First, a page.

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3 Tips to Make You a Better Investor

There are many great investment websites and books out there that can teach you how to become a better investor. However, all that reading will do you no good if you do not put them into practice, or if you let your emotions take control.

Investing is often more of a control of your emotions than it is about your intelligence. In fact, Warren Buffett has admonished that “Investing is not a game where the guy with the 160 IQ beats the guy with 130 IQ’’. Mutual fund legend Peter Lynch also wrote about the importance of emotional control in his book Beating The Street, ‘’Everyone has the brainpower to make money in stocks. Not everyone has the stomach.’’

These 3 short tips can help you to better control your emotions:

1)      In normal market conditions, do your own calculations to find out at what share prices would be considered a great bargain. Keep a bargain list and during market turmoil, use it! Doing so can help minimise the effects of paralysing fear when share prices everywhere are dropping faster than swatted flies.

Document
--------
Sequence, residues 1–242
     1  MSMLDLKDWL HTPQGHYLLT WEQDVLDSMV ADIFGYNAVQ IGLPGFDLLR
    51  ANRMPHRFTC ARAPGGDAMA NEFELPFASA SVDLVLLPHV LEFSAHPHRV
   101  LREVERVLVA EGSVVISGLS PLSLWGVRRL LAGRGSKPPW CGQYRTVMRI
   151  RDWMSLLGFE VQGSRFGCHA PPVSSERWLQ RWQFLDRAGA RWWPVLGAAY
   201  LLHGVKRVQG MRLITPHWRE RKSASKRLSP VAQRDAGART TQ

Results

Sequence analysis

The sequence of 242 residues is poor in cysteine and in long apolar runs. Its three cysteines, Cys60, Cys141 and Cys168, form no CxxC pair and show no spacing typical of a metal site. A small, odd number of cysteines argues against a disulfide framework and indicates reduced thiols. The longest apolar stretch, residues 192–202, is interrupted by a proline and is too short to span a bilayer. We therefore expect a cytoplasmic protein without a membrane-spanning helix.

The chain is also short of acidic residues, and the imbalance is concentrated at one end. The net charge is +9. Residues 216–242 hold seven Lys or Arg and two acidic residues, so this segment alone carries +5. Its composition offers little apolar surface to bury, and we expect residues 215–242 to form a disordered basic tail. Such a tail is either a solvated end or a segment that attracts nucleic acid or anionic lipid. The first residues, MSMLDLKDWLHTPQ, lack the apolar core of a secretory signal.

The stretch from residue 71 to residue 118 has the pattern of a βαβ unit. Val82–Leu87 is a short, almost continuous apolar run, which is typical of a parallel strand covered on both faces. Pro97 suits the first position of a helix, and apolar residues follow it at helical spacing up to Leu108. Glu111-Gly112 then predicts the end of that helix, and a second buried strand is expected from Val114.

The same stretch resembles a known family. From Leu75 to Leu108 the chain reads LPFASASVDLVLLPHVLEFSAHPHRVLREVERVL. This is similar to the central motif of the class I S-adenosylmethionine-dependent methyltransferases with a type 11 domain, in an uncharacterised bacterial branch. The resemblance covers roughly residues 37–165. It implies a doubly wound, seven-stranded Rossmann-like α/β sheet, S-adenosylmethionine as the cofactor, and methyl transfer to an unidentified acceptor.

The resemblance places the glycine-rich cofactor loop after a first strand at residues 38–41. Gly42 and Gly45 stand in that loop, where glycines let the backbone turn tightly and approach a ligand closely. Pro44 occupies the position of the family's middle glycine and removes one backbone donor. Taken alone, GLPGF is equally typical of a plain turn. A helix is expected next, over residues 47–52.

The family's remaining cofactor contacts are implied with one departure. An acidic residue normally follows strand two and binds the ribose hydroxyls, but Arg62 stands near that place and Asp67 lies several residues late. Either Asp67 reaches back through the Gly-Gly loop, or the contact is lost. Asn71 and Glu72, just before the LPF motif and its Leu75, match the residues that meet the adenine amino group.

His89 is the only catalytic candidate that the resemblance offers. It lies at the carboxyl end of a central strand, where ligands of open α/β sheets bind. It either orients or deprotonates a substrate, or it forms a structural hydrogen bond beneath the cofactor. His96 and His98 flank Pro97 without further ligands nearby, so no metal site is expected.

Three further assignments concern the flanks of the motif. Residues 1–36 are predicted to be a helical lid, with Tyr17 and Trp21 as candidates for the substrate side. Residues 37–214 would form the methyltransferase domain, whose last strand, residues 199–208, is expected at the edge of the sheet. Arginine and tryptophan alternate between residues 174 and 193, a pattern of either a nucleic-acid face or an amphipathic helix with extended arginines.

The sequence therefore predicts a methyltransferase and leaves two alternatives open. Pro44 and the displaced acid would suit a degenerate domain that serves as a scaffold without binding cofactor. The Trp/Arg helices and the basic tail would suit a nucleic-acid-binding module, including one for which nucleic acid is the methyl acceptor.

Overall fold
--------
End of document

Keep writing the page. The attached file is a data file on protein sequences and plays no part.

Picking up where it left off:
2)      Write down why you bought shares in a company and what would make you sell (nope, ‘a falling share price’ does not count as a valid reason). When the share prices of your investments fall, panic and fear might cause you to sell your shares even though there is no change in the fundamentals of the company. Writing down the reasons for selling before you make your investment can let you check whether there is a valid, logical reason to sell your shares.

3)      Tune out all that noise. You already know how susceptible you might be to following the herd, but good investing results are made by being contrarian. Listening and following market chatter all day long will only heighten that sense of uncertainty and fear that might lead to rash investing decisions.

Find some good websites or sources and stick to them (er-hem, other than fool.sg of course).  Over time, you will be able to judge for yourself how the advice is working out for you.

And please remember – it’s the stomach, not the brain!

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The information provided is for general information purposes only and is not intended to be personalised investment or financial advice.